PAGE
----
Author Topic: filing a hand forged flintcock  (Read 2272 times)

Offline Clint

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filing a hand forged flintcock
« on: March 13, 2020, 05:37:12 AM »
This post is the follow up to my previous post about forging a flint cock but I don't know how to add a link to it. CW


Filing the flint cock


The first area to file on a new forging is the top surface of the lower jaw. This gives a base line for the rest of the piece. upload image
The jaw is filed flat and the comb is filed at ninety degrees to the jaw.
By holding the oversize comb in the vise, the face and the back of the body can be filed close to the proper thickness. The body, on both front and back rise in thickness to meet the width of the lower jaw. A ten inch half round file should get you there. At this point it is almost mandatory that you have a model to refer to. If you have a flint lock of any kind, take the flint cock off and remove the top jaw  and screw. After filing a bunch of these pieces you will probably dispense with the model and go simply by drawings or measurements.
The locks we are building here are for rifles and are 4 7/8” to 5 1/4” long. The flint cock throw will be 1 1/2” or a tiny bit more. We are going to measure from the face of the comb and cut the length of the jaw to 7/8 “ this length will reduce to 3/4 “ or so by the time we are done fiddling, but we will start here. The cock throw for this lock should be 1 - 1/2 “ so we will measure, with dividers from the lip of the jaw, and swing an arc across the front of the body. On small pieces like this I use permanent ink markers to color the piece, then scribe the layouts. Using a common washer, I find the center middle of the body and mark the mounting hole.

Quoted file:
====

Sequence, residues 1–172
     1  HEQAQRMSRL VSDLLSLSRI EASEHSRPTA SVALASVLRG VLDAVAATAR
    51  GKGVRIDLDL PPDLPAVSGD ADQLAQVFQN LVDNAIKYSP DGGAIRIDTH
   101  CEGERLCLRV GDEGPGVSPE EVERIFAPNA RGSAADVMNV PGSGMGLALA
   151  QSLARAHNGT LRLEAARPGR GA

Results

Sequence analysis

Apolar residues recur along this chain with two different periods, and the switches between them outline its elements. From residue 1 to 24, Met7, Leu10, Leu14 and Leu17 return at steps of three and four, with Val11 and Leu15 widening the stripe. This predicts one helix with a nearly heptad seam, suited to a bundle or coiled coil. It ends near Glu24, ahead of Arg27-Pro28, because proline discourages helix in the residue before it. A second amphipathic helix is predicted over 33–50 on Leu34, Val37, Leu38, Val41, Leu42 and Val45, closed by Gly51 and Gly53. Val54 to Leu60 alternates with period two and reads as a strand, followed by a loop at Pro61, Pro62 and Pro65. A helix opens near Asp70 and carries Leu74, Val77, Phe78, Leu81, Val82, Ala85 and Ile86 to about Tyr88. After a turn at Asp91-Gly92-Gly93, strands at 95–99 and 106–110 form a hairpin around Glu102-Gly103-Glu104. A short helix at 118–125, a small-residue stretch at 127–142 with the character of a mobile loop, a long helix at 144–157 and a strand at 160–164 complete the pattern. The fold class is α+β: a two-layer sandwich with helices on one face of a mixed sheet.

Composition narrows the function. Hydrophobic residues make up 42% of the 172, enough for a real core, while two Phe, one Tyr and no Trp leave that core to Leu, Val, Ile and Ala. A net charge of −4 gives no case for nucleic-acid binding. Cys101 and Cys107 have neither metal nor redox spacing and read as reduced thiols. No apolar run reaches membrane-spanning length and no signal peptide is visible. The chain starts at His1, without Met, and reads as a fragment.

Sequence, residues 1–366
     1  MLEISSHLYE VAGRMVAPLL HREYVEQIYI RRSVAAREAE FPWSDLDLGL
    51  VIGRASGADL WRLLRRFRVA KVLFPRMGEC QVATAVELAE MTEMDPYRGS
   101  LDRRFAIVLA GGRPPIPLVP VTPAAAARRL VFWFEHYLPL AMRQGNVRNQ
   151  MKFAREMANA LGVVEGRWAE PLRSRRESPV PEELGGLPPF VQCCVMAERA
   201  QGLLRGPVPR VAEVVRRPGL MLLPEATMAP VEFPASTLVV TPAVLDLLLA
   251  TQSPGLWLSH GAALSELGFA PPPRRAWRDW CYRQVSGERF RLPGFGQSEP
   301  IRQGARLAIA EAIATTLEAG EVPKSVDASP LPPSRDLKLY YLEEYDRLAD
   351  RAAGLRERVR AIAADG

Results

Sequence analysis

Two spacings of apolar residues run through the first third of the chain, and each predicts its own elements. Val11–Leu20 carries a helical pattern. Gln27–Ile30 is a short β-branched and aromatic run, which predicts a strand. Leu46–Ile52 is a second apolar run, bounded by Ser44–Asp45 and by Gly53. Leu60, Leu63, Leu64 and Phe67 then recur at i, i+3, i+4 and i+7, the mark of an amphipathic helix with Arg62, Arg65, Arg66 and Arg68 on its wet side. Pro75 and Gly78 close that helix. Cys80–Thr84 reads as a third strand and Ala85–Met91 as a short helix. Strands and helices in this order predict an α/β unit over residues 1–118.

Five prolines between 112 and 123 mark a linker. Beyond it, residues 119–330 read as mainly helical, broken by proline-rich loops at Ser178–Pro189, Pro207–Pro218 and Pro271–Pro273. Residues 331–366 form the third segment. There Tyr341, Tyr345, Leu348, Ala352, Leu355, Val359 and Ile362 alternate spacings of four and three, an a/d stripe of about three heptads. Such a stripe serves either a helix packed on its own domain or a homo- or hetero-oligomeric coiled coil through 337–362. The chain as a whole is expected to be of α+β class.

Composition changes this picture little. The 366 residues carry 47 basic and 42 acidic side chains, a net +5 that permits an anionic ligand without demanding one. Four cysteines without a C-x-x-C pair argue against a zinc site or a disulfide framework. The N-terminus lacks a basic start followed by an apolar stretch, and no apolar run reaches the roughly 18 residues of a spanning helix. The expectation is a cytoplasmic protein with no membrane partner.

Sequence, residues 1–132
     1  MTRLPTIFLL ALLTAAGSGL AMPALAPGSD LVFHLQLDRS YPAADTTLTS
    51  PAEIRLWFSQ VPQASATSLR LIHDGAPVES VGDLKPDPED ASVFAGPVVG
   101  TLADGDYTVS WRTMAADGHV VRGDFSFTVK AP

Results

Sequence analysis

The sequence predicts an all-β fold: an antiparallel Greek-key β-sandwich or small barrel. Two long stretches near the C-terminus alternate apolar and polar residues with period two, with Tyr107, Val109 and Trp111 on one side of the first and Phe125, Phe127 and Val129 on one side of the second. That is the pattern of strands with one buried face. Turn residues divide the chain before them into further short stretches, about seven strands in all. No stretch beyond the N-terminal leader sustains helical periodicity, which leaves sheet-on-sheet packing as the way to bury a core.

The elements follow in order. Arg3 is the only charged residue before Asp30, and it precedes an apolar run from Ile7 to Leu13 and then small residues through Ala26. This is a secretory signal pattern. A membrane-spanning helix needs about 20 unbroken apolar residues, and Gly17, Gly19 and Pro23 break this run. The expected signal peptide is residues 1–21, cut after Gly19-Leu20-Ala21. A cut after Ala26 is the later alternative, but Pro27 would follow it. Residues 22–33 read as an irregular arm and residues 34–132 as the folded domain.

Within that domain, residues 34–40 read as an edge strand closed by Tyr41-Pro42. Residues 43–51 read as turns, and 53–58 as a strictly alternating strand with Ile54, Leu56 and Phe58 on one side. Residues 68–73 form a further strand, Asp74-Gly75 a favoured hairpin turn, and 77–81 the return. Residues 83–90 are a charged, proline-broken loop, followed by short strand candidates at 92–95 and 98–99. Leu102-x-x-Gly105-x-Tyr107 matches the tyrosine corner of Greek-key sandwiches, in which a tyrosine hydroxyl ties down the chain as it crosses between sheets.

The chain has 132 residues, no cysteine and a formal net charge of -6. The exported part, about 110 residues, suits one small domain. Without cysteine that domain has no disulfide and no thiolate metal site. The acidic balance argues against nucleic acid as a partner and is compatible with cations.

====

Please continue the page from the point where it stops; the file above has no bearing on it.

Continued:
Assuming that the washer is close to the right size, it can be traced for a filing guide and we can begin to approach the shape of the finished flint cock.  Study your drawings and photos of the style you are aiming for and adjust the outline shape to fit We now have a “four sided” iron flint cock and the final contours can be approached. A lot of filing can be accomplished by holding the piece in the vise, but an angle jig gives easier access to many parts and makes for more consistent bevels.

This is the filing jig, in it’s crudest form. It is made from an old door hinge with”jaws” welded to it. I have several sizes and use them extensively in filing 18th century house hardware.
Now that we have the basic geometry blocked out , we are going to drill a 1/8 “ hole where the two scribed lines intersect. Using the drill as a mandrel we will fit the flint cock to the lock plate we made yesterday and mark a line on the back side of the cock where it will rest on the lock plate. The edge should rest just above the fence, aft of the pan. stupid people movie
Cut the shoulder with a hack saw just out side of the line and file up snug to the line.



We need to look at the thickness of the body and make sure that the front and back faces are parallel , good idea to keep track of this in all stages that involve reducing thick ness. It is hard to illustrate, but it is also important to keep track of how close to center the comb is. You can easily see this from the front and back view of the piece.

The face of the comb usually has a ‘step’ about 1/4” up from the jaw surface. This step can be started with a hack saw and filed back to a depth of 1/16 “. The step gives a stopping point for the top jaw and provides clearance for the top jaw screw. The back of the comb is filed and contoured according to the style that you are emulating.